Diversification is also a key reason to consider local currency bonds in the current environment. With U.S. yield back to very low levels, concerns about rising rates may come back to the forefront very quickly. Adding exposure to broad emerging markets local currency bonds or targeted exposure to China’s onshore market may help to diversify away from U.S. interest rates and monetary policy, based on low or negative return correlations historically. Though seemingly far off, the Fed has telegraphed that rate increases are on their radar with the prospect of tapering current bond purchases even sooner. Adding emerging markets debt exposure may result in both a higher yielding portfolio and one that may be more resilient to future U.S. interest rate increases.

    DISCLOSURES

    Sources

    VanEck & Bloomberg

    Bloomberg

    Index descriptions:

    ChinaBond China High Quality Bond Index is comprised of fixed-rate, Renminbi ("RMB")-denominated bonds issued in the People's Republic of China by Chinese credit, governmental and quasi-governmental (e.g., policy banks) issuers.

    ICE BofA Current 10-Year US Treasury Index is a one-security index comprised of the most recently issued 10-year US Treasury note.

    ICE BofA Diversified High Yield US Emerging Markets Corporate Plus Index tracks the performance of US dollar denominated below investment grade emerging markets non-sovereign debt publicly issued in the major domestic and eurobond markets.

    ICE BofA Global Broad Market Index tracks the performance of investment grade debt publicly issued in the major domestic and eurobond markets, including sovereign, quasi-government, corporate, securitized and collateralized securities.

    ICE BofA US Broad Market Index tracks the performance of US dollar denominated investment grade debt publicly issued in the US domestic market, including US Treasury, quasi-government, corporate, securitized and collateralized securities.

    ICE BofA US High Yield Index tracks the performance of US dollar denominated below investment grade corporate debt publicly issued in the US domestic market.

    J.P. Morgan GBI-EM Global Core Index is comprised of bonds issued by emerging market governments and denominated in the local currency of the issuer.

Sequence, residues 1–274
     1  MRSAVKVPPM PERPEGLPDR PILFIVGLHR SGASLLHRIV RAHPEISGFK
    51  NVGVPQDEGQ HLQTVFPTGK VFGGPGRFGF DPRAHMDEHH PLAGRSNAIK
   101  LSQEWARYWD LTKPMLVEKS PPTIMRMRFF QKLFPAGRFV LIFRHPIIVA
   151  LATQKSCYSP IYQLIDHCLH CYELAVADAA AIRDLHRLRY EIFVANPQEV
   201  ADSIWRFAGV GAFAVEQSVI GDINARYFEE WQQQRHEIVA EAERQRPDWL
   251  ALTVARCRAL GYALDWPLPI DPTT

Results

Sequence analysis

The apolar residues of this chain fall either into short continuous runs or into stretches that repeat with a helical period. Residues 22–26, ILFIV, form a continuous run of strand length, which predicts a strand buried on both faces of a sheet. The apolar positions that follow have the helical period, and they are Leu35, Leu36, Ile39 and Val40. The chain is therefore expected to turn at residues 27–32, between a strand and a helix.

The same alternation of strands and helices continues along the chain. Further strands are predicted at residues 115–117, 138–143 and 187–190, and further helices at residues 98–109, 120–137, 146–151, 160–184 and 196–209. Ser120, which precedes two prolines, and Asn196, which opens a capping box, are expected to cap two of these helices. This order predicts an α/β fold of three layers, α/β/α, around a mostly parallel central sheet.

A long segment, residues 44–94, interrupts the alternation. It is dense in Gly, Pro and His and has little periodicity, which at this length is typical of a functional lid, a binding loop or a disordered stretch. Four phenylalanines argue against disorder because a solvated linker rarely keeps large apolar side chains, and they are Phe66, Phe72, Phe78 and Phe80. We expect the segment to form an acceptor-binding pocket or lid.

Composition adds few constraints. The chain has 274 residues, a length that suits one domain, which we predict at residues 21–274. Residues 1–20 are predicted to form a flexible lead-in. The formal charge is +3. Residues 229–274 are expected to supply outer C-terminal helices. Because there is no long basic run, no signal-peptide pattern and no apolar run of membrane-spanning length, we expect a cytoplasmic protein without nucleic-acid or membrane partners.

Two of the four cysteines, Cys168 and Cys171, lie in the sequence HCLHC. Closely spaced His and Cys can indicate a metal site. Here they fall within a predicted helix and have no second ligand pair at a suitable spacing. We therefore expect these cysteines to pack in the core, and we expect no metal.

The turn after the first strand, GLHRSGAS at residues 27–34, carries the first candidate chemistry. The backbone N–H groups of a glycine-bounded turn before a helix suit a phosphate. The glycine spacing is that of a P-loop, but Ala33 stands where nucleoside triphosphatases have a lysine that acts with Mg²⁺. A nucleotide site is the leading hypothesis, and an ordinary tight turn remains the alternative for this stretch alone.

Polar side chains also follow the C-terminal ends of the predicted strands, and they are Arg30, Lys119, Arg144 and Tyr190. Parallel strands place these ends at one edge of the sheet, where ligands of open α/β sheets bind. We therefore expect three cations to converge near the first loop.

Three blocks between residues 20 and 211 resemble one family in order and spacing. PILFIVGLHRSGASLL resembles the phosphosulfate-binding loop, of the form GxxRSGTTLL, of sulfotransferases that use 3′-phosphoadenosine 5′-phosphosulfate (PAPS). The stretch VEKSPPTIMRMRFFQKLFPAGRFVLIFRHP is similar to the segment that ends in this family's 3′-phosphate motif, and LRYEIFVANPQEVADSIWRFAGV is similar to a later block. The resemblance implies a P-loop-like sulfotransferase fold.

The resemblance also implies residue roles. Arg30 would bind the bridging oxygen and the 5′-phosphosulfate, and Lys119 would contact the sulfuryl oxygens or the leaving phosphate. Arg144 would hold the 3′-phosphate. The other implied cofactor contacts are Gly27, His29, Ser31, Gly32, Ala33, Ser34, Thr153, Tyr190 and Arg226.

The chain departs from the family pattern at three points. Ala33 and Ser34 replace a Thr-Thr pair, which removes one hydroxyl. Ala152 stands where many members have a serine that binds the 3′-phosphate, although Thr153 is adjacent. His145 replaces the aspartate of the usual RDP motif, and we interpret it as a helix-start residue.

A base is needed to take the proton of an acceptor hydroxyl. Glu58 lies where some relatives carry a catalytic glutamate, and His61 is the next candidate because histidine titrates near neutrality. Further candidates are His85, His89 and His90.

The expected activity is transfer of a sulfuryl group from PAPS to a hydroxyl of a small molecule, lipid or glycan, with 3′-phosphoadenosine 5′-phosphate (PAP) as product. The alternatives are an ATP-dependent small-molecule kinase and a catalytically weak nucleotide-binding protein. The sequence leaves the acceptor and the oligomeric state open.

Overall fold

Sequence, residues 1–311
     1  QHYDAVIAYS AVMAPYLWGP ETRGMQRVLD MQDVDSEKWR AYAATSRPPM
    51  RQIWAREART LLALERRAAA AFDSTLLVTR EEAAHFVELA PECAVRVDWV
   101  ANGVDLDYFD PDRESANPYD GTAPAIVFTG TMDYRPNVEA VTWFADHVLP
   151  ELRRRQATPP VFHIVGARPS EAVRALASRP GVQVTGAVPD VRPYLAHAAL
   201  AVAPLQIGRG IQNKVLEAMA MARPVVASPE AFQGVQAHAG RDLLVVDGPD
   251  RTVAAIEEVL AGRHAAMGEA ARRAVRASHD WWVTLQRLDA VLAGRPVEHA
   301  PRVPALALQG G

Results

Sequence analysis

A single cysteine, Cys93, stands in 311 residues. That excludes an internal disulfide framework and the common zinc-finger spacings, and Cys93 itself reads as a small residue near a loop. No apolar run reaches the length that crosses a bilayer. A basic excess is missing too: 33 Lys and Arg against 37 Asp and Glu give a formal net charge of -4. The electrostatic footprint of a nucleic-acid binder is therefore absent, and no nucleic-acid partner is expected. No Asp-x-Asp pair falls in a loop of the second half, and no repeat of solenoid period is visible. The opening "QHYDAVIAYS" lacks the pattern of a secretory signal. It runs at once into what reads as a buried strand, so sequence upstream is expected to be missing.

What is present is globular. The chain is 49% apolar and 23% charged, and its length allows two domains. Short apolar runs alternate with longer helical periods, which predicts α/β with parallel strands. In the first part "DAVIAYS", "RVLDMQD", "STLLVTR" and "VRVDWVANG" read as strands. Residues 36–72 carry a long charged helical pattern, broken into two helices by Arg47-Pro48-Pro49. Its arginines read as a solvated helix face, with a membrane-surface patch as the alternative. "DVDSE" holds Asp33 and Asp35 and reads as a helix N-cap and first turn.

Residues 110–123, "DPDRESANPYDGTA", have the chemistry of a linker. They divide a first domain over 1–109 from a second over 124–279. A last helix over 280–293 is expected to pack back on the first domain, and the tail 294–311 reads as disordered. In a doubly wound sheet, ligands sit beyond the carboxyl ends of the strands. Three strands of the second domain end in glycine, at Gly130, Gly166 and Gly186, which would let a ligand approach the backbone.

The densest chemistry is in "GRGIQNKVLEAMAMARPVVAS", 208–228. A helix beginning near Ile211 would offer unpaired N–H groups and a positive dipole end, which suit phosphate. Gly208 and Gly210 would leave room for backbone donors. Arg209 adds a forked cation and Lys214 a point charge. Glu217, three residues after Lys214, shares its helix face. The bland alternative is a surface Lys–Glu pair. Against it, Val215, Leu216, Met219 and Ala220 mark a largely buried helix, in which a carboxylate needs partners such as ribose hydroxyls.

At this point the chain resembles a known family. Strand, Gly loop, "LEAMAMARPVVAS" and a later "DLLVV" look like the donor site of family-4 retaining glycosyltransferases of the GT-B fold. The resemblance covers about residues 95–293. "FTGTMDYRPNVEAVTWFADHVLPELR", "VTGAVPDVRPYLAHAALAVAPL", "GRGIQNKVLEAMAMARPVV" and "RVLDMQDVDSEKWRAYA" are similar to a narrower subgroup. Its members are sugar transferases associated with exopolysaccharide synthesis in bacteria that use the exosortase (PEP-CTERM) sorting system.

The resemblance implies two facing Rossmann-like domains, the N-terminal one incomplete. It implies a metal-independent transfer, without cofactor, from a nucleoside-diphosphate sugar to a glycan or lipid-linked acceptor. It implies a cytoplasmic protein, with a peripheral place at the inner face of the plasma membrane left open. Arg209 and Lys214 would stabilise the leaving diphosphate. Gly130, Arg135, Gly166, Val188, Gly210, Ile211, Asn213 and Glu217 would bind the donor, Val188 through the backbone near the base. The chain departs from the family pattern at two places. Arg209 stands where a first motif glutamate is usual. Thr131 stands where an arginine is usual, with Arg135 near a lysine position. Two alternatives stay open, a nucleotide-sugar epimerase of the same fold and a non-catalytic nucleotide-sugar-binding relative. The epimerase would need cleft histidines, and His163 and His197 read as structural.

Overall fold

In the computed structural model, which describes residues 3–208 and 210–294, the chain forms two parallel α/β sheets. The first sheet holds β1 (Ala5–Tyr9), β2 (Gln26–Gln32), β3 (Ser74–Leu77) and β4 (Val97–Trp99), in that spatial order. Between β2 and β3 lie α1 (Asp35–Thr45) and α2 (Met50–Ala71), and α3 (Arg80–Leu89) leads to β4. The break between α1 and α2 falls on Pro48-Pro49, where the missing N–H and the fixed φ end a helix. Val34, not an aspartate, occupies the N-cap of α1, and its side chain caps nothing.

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    This is not an offer to buy or sell, or a recommendation to buy or sell any of the securities mentioned herein. The information presented does not involve the rendering of personalized investment, financial, legal, or tax advice. Certain statements contained herein may constitute projections, forecasts and other forward looking statements, which do not reflect actual results, are valid as of the date of this communication and subject to change without notice. Information provided by third party sources are believed to be reliable and have not been independently verified for accuracy or completeness and cannot be guaranteed. VanEck does not guarantee the accuracy of third party data. The information herein represents the opinion of the author(s), but not necessarily those of VanEck.

    All investing is subject to risk, including the possible loss of the money you invest. Bonds and bond funds will decrease in value as interest rates rise. As with any investment strategy, there is no guarantee that investment objectives will be met and investors may lose money. Diversification does not ensure a profit or protect against a loss in a declining market. Past performance is no guarantee of future results.

  • Authored by

    Fran Rodilosso
    Head of Fixed Income ETF Portfolio Management, CFA